The renderings of the buildings suggest a series of carefully articulated forms in a language compatible with the university’s brick and limestone aesthetic. “They’re really conceptual at this point,” says Marsh. “We’ve done a lot of design work,” he says, though the final results may vary somewhat. “The height and scale of these buildings doesn’t automatically lend itself to the purest form of collegiate gothic,” he explains. “We’ve taken our cues in the massing and the detailing from the original Rockne stadium that still resides inside the outer bowl.”
Inside the stadium gates, visitors are faced with the outer wall of the original stadium, which contains, Marsh says, well-proportioned and well-designed detailing. He says that detailing has influenced the design of the triple windows in each bay that span between the piers and create a rhythm across the new building’s facades. “The new buildings will recall much of that architectural heritage,” he says.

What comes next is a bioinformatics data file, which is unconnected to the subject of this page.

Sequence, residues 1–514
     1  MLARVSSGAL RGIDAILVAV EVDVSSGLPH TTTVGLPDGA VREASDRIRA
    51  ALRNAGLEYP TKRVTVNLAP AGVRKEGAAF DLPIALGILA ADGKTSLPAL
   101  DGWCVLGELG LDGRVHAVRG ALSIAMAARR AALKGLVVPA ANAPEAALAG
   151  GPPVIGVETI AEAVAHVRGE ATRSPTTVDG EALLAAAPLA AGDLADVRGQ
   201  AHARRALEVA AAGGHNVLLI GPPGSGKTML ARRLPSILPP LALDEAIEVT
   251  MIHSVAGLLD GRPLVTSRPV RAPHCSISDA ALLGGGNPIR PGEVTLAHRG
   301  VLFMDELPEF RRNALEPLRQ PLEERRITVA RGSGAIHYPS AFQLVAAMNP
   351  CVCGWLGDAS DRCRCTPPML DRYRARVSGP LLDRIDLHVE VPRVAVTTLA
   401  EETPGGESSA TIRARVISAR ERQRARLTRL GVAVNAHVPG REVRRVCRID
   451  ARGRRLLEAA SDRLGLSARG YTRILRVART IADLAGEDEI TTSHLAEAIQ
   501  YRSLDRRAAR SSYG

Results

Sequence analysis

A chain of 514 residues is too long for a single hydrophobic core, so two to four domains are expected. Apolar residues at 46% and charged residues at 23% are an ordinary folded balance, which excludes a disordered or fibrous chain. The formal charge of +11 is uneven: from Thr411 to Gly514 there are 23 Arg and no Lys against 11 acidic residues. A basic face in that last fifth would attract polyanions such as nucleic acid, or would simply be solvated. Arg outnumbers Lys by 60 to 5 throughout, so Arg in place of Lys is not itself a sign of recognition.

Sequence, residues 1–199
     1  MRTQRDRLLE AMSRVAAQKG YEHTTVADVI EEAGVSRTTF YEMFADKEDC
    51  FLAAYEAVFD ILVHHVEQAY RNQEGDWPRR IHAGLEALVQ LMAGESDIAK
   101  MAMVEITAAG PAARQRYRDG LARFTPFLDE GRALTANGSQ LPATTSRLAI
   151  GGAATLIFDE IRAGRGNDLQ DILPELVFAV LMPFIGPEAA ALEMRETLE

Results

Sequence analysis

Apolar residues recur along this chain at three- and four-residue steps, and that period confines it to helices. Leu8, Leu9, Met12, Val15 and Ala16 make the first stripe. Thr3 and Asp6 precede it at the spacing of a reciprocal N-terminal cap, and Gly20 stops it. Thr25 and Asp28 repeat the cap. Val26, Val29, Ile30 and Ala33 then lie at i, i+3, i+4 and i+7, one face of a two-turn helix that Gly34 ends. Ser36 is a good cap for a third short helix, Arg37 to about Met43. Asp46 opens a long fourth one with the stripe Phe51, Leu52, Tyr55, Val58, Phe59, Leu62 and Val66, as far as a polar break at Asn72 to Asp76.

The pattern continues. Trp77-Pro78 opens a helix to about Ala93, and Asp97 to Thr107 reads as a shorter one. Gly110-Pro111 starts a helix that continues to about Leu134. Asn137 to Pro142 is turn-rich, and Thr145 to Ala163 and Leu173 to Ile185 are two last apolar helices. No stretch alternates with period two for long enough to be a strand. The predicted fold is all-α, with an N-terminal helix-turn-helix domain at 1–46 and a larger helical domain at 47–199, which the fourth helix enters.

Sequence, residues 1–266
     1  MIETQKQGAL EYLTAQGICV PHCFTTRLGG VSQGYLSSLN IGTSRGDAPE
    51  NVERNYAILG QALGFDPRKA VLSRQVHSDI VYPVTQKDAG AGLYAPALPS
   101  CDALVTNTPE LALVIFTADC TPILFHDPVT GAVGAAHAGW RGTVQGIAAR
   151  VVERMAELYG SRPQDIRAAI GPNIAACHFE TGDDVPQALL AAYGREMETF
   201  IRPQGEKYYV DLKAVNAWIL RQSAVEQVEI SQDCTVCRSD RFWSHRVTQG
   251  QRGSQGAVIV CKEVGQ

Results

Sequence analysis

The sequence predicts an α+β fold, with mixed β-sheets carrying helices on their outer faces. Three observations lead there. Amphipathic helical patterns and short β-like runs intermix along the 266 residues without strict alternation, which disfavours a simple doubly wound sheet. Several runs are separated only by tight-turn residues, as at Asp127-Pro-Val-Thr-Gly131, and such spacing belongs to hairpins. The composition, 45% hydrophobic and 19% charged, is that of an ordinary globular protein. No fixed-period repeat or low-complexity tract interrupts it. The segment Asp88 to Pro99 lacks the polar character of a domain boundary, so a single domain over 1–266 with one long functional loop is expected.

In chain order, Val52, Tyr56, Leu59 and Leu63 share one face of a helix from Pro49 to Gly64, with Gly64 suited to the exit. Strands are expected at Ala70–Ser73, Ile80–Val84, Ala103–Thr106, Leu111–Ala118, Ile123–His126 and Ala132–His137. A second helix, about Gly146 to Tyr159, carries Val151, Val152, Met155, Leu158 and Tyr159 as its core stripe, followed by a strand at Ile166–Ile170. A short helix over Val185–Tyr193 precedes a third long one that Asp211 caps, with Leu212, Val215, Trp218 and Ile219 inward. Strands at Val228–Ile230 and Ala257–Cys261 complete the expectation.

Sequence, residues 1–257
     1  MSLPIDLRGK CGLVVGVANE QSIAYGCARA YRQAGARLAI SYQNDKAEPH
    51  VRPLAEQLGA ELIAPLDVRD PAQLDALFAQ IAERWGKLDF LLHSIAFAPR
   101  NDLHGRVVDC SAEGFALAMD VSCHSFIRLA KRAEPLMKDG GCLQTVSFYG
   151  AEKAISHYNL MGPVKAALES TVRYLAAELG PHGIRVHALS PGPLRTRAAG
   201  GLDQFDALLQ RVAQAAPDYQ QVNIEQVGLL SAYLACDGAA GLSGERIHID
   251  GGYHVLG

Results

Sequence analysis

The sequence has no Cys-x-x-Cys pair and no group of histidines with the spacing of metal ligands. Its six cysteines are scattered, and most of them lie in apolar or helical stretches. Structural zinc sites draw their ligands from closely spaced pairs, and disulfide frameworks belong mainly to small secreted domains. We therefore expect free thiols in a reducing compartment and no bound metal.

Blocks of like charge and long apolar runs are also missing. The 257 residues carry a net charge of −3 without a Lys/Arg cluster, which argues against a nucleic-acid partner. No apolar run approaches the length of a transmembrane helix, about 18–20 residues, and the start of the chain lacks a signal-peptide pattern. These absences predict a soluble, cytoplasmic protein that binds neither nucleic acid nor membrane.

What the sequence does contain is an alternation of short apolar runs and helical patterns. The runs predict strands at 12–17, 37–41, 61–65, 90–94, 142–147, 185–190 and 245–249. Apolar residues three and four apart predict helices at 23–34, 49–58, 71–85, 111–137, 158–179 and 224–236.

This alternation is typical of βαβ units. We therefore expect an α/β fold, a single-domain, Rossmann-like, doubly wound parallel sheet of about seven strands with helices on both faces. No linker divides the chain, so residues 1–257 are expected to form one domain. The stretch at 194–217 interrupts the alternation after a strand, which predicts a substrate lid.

A ring added in the 1990s, when the seating bowl was expanded by 21 rows, was not designed to carry any loads associated with these new structures. So at the sixth level of the new sidelines structure there will be a combination of a structural floor with large, floor-high 16 ft deep trusses. This level will house mechanical functions. The top three levels will cantilever from these trusses into the east and west buildings.
The new buildings are meant to create a seamless visual connection, especially from inside the bowl. The east and west buildings will each rise about 130 ft. “There are many beautiful and traditional aspects to Notre Dame Stadium from a fan’s perspective, especially the purity of the bowl,” says Marsh. “It’s uninterrupted, and it’s going to continue to be that way. The new structures will not overhang the bowl. Instead, they’ll begin at the edge of the parapet wall at the upper level and continue up.”
The university doesn’t want the new buildings to intrude upon the fan experience. “We’ve chamfered corners and set them back in an effort to reduce their scale and avoid the potential for them to feel overpowering,” Marsh says. The sidelines structures will not be as long as fans might find at other stadiums, he adds.
Construction will begin within the next two years—Morton anticipates beginning November 23, after next season’s final home game—and is scheduled to be substantially complete by August 2017.